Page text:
University College transitions to virtual advising

The COVID-19 Pandemic has changed the way the Marshall University College has taken on academic advising. The University College is a tool that provides learning support services and transitional programs. They also provide academic counseling for Marshall’s undecided students, conditionally admitted students, some pre-nursing students, transient students and many others.   

The academic counselors working with University College are currently working remotely but are available virtually through teams or phone appointments. 

T​h​e three academic counselors at the college, Robin Taylor, Robin Stafford and Patricia Gallagher spoke about how this transition has affected them and what changes they noticed from their students.   

Academic counselor Robyn Stafford has been with the University College for over two years now. For her, the hardest part of the transition is the lack of facetime with students.  

“I think that they [virtual appointments] can be personal. I mean, they can be good, but I think it’s really hard to duplicate that interaction that you would have with somebody face to face,” said Stafford. “We would have students in our office all the time, I know myself and several advisors would have students just stopping by to kind of check-in, and former students would come in… just to kind of catch us up on everything that is going on in their life.” 

The lack of personal interaction is what she misses most about the virtual appointments.   

“I have been super impressed with students who have remained resilient in the face of so much unknown and so much change, and having to take classes virtually or online… I think the resilience of everyone or just the determination or desire to dig in and make it work has been really cool to see from everyone, from students and from faculty,” said Stafford.  

She explained that this whole transition has been a “learning curve” for the University College and that she loves being a part of a University that cares about students…. and will still carry on. 

Robin Taylor has been working at the University College since 2014. She has a bachelor’s and master’s degree in counseling from Marshall University. She enjoys working with students who are discovering the possibilities that their future holds.  

“I really like working with these students who are discovering what they want to do… I really like exploring what their options are, and working like, for instance, with career education to help them explore even further,” said Taylor.   

“Getting all of the technology to work correctly, where everybody in the country had to make such a quick switch, that we had a lot of things at Marshall already in place that made it really really easy, but there were just a few little things that we had to kind of fine-tune,” Taylor said.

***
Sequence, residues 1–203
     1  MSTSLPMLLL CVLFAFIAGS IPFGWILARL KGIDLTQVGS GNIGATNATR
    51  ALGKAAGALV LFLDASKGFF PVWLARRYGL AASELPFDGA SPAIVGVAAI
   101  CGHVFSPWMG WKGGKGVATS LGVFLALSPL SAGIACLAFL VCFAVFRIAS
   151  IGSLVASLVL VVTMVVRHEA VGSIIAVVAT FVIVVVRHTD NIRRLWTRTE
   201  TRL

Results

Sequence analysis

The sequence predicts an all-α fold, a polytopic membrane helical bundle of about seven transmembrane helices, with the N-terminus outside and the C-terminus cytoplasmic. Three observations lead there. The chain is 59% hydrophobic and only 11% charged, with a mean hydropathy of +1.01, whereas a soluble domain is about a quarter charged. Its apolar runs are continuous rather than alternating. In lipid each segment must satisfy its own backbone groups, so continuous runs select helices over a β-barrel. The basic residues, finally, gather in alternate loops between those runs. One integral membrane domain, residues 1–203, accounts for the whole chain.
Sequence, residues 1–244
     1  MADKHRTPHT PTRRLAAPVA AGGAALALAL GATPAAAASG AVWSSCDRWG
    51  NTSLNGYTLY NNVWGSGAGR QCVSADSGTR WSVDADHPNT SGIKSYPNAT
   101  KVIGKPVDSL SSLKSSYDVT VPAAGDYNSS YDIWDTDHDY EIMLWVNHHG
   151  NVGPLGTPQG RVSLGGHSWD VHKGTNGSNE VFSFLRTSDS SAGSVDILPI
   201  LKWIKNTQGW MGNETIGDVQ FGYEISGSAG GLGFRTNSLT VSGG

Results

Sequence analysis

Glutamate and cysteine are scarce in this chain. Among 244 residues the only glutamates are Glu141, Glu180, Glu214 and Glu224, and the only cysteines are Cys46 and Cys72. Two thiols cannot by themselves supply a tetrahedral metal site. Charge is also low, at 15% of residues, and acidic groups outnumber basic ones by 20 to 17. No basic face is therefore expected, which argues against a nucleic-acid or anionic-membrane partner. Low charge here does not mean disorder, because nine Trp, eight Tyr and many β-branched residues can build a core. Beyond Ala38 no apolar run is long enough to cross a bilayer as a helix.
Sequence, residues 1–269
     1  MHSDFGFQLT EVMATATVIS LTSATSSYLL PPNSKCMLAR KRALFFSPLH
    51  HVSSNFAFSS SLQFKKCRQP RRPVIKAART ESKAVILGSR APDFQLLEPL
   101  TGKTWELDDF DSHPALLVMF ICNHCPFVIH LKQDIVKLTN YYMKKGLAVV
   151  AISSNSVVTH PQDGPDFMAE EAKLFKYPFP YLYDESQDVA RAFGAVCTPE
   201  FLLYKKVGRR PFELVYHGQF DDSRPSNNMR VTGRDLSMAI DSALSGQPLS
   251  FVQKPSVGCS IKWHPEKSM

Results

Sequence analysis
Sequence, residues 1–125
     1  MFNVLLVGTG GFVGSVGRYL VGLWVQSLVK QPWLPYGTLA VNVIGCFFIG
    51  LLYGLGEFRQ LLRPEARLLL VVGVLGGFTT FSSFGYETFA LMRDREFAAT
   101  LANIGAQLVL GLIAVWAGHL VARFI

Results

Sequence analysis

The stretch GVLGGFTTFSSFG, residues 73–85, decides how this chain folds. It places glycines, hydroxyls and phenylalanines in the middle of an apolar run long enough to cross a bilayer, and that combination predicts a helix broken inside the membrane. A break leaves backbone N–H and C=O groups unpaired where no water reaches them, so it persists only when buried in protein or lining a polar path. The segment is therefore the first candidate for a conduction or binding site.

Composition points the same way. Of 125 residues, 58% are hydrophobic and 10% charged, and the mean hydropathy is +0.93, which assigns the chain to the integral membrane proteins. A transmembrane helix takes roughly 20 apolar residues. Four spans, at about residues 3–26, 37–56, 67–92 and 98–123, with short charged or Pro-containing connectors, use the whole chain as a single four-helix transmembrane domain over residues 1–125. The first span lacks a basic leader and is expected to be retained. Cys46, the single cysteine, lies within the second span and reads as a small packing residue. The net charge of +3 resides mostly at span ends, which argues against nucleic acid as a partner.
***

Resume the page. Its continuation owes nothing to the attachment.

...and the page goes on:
Even though she has had some trouble with the technology this past year, Taylor believes she has found some positive points to the whole situation. 

“I am finding that students are getting more comfortable about scheduling themselves onto my calendar to be able to talk with me,” said Taylor. “It’s easier in a sense to stay disconnected the way we’ve got things set up now, but I’ve found that… Where we all are kind of disconnected from our usual routines that you’ll see more people reaching out to have a connection, somebody to listen to.”  

Patricia Gallagher has been at Marshall Since 1984 and has had previous work in the Career Services Center and the Office of the Bursar.  

In her experience with this transition, she has discovered that more virtual options are great for some of her students. 

“I probably had every bit as good attendance… We offered students teams meetings with video or phone appointments, and I’ve discovered that my advisees are shy and don’t like to be on camera, so they actually prefer the phone appointments,” Gallagher said. 

She is glad that her attendance has increased but explained that with these phone appointments, it has been hard to get to know people she has spoken with all semester because she doesn’t know what many look like.   

“Overall, I think the students are still missing the in-person appointments; they like that personal touch more so than we had thought,” Gallagher said.  

The environment she explains may not be the same; however, “I think we are able to be successful and to work with the alternatives that we have at the present and make it work,” Gallagher said. “Do not be afraid to reach out, don’t wait, thinking a problem will take care of itself. We encourage you to get in touch with us just as soon as you have questions or issues because the earlier you get in touch with us, the easier we can help you solve it.”  


For further information about the University College or any Academic Counselors, visit ​ or contact Associate Dean of Undergraduate Studies and Director of University College, Sherri Stepp, at 304-696-7038, or [email protected].​   


Alaina Lester can be contacted at [email protected].